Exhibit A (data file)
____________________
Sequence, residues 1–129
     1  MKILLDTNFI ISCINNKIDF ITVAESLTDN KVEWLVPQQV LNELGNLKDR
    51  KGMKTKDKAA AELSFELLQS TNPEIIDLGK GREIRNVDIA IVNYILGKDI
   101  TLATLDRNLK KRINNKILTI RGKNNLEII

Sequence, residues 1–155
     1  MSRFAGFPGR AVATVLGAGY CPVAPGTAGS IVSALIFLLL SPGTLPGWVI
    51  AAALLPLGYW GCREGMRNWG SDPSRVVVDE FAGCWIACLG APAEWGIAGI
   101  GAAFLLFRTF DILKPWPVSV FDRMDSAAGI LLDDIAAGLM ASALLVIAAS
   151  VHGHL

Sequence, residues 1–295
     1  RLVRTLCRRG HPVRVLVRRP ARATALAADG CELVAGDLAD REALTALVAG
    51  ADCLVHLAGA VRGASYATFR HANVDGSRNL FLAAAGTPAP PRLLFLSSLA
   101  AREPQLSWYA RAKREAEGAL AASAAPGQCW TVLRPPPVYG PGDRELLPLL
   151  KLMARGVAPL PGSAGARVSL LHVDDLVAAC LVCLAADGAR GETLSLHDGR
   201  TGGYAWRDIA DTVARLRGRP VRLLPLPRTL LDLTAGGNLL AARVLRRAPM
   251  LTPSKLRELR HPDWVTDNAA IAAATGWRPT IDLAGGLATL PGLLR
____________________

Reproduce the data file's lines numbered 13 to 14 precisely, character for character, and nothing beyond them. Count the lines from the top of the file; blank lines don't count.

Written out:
   101  AREPQLSWYA RAKREAEGAL AASAAPGQCW TVLRPPPVYG PGDRELLPLL
   151  KLMARGVAPL PGSAGARVSL LHVDDLVAAC LVCLAADGAR GETLSLHDGR